SANTA ANA PUEBLO, N.M. — Changes in consumer buying patterns related to demographics, health and wellness and other factors will accelerate in coming years, a panelist said at the International Sweetener Symposium on Aug. 4 in Santa Ana Pueblo.
“The rate of change today is likely the slowest we will see for the remainder of our careers,” said Cheryl Maduzia, vice-president, strategic affairs, Acosta Sales and Marketing Co. She said five mega trends affecting the consumer packaged goods (C.P.G.) industry today and going forward are demographic shifts, technology, channel blur, grocery store perimeter growth and health and wellness. The top four strategies to respond to the mega trends included adjustments in store brand/private label offerings, changes in store perimeter and center of store organization, health and wellness focus and localization, she said.
Acosta, based in Jacksonville, Fla., has more than 100 offices in the United States and Canada, conducts more than 150,000 store visits monthly and provides sales and marketing services to more than 1,600 clients.
C.P.G. sales remain sluggish since the recession, with dollar sales up only 2% and number of shopping trips down 2%, Ms. Maduzia said. The largest gain in sales has been for budget-oriented dollar stores at 6%, while shopping trips have been flat to lower for all categories, which include mass market/super stores as well as drug, food, club and dollar stores.
Despite continued pressure on consumer spending power and rising costs that are squeezing manufacturers’ margins, significant changes were underfoot, Ms. Maduzia said. She focused on four generations, including 77 million millennials (18-34 year olds equal to 24% of the population), 51 million in generation X (35-50 year olds equal to 16% of the population), 75 million boomers (51-68 year olds equal to 24%of the population) and 38 million in the “silent” generation (69-83 year olds equal to 12% of the population). Millennials will move to peak spending by 2025, generation X shoppers are approaching peak spending period now and boomers are downsizing, she said, noting that consumer spending largely is driven by life stage. She said $65 billion in grocery spending will switch from boomers to millennials by 2020.
Demographically, singles living alone have shifted from 17.1% in the 1970s to 27.5% today, she said, while married couples with children have shifted from 40.3% to 19.6% of the population. Population growth will skew to younger and more multicultural, with 89% of population growth from multicultural, mainly Hispanic, in the next 10 years, she said. Younger shoppers’ brand choices are more influenced by digital.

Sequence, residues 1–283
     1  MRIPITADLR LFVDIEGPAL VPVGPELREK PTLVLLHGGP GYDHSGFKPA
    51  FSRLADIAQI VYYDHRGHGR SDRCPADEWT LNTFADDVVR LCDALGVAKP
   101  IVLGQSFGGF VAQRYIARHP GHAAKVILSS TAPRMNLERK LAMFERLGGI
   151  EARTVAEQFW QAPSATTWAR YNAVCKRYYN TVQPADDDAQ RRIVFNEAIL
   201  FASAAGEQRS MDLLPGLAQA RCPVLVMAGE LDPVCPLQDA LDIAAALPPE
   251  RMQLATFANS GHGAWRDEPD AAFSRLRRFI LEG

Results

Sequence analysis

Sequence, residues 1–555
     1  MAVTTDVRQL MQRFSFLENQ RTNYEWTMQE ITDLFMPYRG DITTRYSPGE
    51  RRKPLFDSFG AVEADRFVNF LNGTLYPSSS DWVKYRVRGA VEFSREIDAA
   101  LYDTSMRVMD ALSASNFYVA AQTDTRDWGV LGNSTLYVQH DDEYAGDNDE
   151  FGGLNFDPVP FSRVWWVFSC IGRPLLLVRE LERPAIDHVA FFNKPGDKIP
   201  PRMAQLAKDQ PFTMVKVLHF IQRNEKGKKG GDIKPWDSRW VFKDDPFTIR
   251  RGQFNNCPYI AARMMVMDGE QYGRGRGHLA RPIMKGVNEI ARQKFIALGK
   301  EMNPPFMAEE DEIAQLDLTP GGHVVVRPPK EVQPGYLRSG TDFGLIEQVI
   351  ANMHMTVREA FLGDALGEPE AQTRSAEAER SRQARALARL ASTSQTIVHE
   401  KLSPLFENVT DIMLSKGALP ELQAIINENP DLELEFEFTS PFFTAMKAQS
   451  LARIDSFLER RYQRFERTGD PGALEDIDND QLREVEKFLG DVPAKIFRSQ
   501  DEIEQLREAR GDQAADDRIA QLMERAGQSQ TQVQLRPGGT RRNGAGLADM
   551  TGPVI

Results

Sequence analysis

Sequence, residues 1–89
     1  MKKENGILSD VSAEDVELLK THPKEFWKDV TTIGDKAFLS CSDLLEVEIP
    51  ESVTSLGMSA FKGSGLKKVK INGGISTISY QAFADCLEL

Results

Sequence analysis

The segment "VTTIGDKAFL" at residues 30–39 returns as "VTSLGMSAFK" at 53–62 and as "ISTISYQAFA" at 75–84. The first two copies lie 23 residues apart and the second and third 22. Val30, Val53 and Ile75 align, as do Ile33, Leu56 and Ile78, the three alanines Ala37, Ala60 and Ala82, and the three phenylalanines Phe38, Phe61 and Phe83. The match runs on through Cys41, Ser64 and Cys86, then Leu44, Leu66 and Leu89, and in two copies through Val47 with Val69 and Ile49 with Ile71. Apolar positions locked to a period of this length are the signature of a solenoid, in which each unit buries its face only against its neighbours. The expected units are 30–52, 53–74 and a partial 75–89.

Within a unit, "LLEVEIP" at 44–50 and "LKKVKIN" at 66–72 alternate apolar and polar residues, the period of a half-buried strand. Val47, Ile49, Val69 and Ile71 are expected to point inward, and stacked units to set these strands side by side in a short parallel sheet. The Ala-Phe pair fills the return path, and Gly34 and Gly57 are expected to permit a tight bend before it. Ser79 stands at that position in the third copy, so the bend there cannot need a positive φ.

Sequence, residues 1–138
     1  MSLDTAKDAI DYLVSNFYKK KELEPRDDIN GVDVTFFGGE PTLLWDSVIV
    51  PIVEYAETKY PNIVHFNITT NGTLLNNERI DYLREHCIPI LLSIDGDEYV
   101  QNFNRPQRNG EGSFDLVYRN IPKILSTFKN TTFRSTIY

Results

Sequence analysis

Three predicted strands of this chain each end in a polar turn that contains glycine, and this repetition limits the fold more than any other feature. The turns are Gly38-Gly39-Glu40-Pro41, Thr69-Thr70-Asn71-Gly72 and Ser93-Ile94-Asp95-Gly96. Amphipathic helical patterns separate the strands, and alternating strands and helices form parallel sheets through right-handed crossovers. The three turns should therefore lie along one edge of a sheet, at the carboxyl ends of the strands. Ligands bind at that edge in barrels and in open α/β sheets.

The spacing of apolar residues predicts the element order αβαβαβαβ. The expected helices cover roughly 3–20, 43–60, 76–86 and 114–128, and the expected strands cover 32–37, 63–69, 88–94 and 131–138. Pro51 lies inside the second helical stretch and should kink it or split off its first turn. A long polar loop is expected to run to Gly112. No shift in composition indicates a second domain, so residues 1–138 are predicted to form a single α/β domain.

She said shifts to e-commerce and to other buyer channels may result in lost sales of 10% by traditional food retailers in the next 10 years. The fastest growth during that time will be e-commerce, discounters and club stores, she said, as generations shop for groceries in different channels. She noted less than half of millennials typically shop in traditional grocery stores, compared to 57% of generation X, 60% of boomers and 64% of the “silent” generation.
“Millennial shoppers are looking for a new shopping experience,” Ms. Maduzia said. That group sees supermarkets as old school and unpleasant while they are seeking upbeat, informative, healthier and fresher options amid a “seamless in-store/digital experience.” Shifts in digital allow stores to personalize shopping experiences for consumers, she said.
Channel blur includes a shift to fewer retailer visits by shoppers, Ms. Maduzia said. The number of retailers in a shopper’s “portfolio” has decreased from 12.4 in any given month in 2007 to 9.7 in 2014, she said. Supermarkets continued to be the channel of choice for food, she said, but unit sales in the grocery channel have declined by 1.2 billion units.
The center of the store continued to provide 70% to 80% of total store profitability, she said, but it was shrinking for many retailers who now are “reinventing” the center with such things as new navigation paths and end aisle displays, store-within-a-store and meal occasion centers.
There is an opportunity for food stores to support shoppers’ health and wellness needs, and for food manufacturers to improve perceptions, Ms. Maduzia said. Historic health and wellness focus on low-fat, low-sodium, reduced sugar and lite versions are shifting to real food, fresh, natural, organic, clean label and “free-from” among other options. Stores need to provide information and education, services and digital options.“Retailers are uniquely positioned to provide holistic health and wellness solutions,” she said. “Health and wellness is shifting from reactive to proactive.”